In 2000, Arizona voters' endorsed an English immersion policy for students for whom English is a second language. Federal courts had issued an injunction against such policies because they conflicted with federal requirements of bilingual education. This year, however, the Supreme Court mandated reconsideration of the injunctions because they affect "areas of core state responsibility."
The court says the constitutional privacy right protects personal "autonomy" regarding "the most intimate and personal choices." The right was enunciated largely at the behest of liberals eager to establish abortion rights. Liberals may think, but the court has never held, that the privacy right protects only doctor-patient transactions pertaining to abortion. David Rivkin and Lee Casey, Justice Department officials under the Reagan and first Bush administrations, ask: If government cannot proscribe or even "unduly burden" -- the court's formulation -- access to abortion, how can government limit other important medical choices?
Democrats' health bills depend on forcing individuals to buy insurance or face severe fines or imprisonment. In 1994, the Congressional Budget Office said forcing individuals to buy insurance would be "an unprecedented form of federal action," adding: "The government has never required people to buy any good or service as a condition of lawful residence in the United States."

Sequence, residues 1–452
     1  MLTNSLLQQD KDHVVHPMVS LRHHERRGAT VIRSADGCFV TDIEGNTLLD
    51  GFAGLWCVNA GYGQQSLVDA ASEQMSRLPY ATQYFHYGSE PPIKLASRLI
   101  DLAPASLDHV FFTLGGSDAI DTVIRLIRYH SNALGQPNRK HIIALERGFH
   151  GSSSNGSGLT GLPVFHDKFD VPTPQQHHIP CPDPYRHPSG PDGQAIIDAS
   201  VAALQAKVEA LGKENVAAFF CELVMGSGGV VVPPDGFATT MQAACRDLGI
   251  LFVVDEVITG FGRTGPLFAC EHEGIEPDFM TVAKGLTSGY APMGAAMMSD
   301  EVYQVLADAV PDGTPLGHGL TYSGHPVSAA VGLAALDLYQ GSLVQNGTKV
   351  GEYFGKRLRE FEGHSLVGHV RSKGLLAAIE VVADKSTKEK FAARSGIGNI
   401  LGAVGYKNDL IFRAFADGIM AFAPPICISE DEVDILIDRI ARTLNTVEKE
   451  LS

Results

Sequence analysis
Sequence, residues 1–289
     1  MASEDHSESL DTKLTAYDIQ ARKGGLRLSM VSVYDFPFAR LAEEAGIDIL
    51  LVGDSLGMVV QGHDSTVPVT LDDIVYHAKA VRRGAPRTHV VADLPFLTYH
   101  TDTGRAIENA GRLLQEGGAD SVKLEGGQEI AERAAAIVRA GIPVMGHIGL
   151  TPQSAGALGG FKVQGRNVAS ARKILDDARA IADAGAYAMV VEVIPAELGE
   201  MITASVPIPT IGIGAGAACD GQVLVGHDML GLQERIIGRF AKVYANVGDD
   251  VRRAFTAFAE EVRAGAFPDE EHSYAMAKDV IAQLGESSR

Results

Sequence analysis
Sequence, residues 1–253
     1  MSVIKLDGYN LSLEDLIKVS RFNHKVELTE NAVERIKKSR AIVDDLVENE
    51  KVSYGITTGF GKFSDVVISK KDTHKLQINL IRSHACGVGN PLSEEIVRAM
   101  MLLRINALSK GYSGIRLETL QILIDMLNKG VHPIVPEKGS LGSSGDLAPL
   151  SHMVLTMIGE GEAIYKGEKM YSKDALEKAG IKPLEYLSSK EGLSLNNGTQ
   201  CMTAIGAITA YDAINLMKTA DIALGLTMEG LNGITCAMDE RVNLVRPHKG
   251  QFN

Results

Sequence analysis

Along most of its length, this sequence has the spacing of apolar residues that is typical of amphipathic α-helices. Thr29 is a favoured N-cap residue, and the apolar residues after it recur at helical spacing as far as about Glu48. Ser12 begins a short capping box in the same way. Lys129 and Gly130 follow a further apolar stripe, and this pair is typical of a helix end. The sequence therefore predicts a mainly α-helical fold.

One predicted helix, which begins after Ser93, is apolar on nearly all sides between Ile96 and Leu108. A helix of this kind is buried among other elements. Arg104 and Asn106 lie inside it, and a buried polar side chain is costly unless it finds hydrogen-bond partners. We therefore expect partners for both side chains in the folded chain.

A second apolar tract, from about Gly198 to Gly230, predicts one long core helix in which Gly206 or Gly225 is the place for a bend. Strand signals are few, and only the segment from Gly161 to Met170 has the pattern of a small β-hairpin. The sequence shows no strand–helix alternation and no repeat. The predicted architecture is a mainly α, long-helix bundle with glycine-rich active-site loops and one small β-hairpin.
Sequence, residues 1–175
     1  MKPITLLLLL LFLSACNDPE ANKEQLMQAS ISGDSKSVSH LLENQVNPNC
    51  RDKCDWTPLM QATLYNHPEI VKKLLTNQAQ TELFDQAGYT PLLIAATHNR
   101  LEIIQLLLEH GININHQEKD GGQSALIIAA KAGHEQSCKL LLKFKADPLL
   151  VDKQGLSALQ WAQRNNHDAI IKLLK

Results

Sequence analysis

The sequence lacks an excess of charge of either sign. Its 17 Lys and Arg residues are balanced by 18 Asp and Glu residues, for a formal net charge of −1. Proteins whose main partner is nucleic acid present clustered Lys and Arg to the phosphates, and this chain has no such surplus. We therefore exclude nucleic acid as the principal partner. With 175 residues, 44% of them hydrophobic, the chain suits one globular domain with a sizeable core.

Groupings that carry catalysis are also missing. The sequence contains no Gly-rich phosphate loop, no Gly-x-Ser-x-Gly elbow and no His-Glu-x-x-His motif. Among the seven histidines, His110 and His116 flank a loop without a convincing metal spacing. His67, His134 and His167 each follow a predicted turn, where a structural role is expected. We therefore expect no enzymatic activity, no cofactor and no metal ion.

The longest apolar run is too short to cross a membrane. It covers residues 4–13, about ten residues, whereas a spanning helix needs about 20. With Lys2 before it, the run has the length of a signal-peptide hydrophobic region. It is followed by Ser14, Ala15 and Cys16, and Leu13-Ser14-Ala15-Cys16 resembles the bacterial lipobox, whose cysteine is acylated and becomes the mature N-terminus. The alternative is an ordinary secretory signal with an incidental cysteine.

This year, the Congressional Research Service delicately said "it is a novel issue whether Congress may use the (Commerce) Clause to require an individual to purchase a good or service." Congress has the constitutional power to "regulate commerce ... among the several states." But a Federalist Society study by Peter Urbanowicz and Dennis Smith judges it perverse to exercise coercion under the Commerce Clause "on an individual who chooses not to undertake a commercial transaction." As Sen. Orrin Hatch, R-Utah, says, there is "a fundamental difference between regulating activities in which individuals choose to engage" -- e.g, drivers can be required to buy auto insurance -- "and requiring such activities" just because an individual exists.
House Majority Leader Steny Hoyer, D-Md., says Congress can tax -- i.e., punish -- people who do not buy insurance because the Constitution empowers Congress to tax for "the general welfare." So, could Congress tax persons who do not exercise or eat their spinach?
When asked whether any compulsory insurance purchases are constitutional, Speaker Nancy Pelosi was genuinely astonished: "Are you serious? Are you serious?" In 1803, in Marbury v. Madison, Chief Justice John Marshall wrote, "The powers of the legislature are defined and limited; and that those limits may not be mistaken, or forgotten, the Constitution is written." He was serious.